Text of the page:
March 8, 2021

Bucks: Take My Money, Please

This is a story about how a company can manage to turn away someone who wants to give it his money.

Actually, two companies. Here’s what happened.

A week or so ago, I received some mail from Chase promoting its Continental Presidential Plus MasterCard. Normally, I throw this sort of thing away without even opening it. But I live near Newark Liberty International Airport, a Continental hub, so I try to fly the carrier whenever I travel. I was curious.

The Presidential Plus card is the fancier of the two Continental cards Chase offers. (The other is the OnePass card, which is nice, but doesn’t have the same number of perks as the Presidential Card.) It includes access to Continental’s and United’s airport lounges, priority security lines and elite status with hotel and rental car companies. And that’s not to mention early boarding, free checked bags and 1,000 frequent flier miles for every $5,000 I charge on the card.

All in all, it’s a nice collection of amenities. I never fly enough in a year to attain any elite status, but with a card like this, I would get some of that treatment.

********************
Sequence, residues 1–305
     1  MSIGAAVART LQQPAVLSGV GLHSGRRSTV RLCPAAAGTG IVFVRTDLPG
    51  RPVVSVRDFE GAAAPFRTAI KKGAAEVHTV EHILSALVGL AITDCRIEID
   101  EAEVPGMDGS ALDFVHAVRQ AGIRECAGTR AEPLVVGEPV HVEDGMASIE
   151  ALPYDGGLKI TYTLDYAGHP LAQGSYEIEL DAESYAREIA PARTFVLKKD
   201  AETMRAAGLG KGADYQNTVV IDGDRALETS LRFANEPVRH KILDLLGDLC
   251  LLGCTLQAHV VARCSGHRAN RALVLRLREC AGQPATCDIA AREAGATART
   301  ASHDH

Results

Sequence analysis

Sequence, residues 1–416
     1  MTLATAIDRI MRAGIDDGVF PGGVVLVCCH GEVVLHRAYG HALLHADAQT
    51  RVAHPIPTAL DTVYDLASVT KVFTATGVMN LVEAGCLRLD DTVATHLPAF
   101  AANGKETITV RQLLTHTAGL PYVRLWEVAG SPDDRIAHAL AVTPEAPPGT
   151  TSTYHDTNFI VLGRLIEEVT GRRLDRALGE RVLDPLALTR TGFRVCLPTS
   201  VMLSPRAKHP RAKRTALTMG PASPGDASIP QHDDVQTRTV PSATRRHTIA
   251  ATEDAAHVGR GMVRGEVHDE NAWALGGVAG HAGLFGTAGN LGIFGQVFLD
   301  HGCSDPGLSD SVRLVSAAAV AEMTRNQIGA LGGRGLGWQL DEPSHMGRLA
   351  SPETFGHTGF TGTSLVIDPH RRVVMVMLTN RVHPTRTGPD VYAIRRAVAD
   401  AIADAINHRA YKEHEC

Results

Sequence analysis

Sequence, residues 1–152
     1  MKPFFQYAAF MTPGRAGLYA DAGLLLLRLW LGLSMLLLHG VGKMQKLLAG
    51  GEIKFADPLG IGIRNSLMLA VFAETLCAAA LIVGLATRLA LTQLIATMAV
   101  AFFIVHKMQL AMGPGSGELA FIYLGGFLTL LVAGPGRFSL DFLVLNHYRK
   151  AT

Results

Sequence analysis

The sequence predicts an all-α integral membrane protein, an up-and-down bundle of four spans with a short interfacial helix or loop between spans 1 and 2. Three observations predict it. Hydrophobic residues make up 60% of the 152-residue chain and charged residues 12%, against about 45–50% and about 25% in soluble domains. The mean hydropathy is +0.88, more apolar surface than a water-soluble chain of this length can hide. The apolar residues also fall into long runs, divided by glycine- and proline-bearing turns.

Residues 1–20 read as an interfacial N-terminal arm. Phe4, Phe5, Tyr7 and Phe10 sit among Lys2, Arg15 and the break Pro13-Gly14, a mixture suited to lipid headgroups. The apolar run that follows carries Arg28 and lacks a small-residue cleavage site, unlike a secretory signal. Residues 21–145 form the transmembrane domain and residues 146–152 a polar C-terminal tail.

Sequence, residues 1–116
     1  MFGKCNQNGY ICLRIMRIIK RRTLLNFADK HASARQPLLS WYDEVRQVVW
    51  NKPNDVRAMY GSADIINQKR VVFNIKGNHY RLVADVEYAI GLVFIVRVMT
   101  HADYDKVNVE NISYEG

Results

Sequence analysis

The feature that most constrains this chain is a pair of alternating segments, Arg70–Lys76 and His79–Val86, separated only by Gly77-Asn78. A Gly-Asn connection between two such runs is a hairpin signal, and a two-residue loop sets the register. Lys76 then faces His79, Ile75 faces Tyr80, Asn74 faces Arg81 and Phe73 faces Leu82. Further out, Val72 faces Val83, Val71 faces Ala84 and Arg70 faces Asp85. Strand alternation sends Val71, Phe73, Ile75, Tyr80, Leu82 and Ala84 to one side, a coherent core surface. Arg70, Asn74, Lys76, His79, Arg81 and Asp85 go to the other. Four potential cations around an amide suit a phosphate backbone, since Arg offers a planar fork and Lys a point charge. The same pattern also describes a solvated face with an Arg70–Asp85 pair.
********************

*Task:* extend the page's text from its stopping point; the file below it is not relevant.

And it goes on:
Normally, the Presidential Plus card charges an annual fee of $395, making it a competitor to American Express’s Platinum Card (which charges $450 per year). That’s a bit steep, but I was being presented with a special offer in this mailing: If my application were accepted, the first year’s membership fee would be waived.

That got my attention.

I figured this was one of those times where I had little to lose. I mean, why not get the card, if only for a year? For me, that’s three or four flights (maybe more) where I can relax about security lines, hang out in an airport lounge, board early and get a room upgrade when I check into my hotel. Fabulous.

And when the year is almost up, I can cancel the card and feel clever for having gotten something for nothing. Or, after a year of privileges and perks, I can decide I can’t live without it and pay the membership fee for a year two (which, clearly, is what Chase and Continental are hoping for).

I set the offer aside as I sorted through the rest of my mail. This weekend, I thought, I’ll apply.

The weekend came and I pulled out the sheet I had saved from Chase. There was a Web address to apply, I typed it in.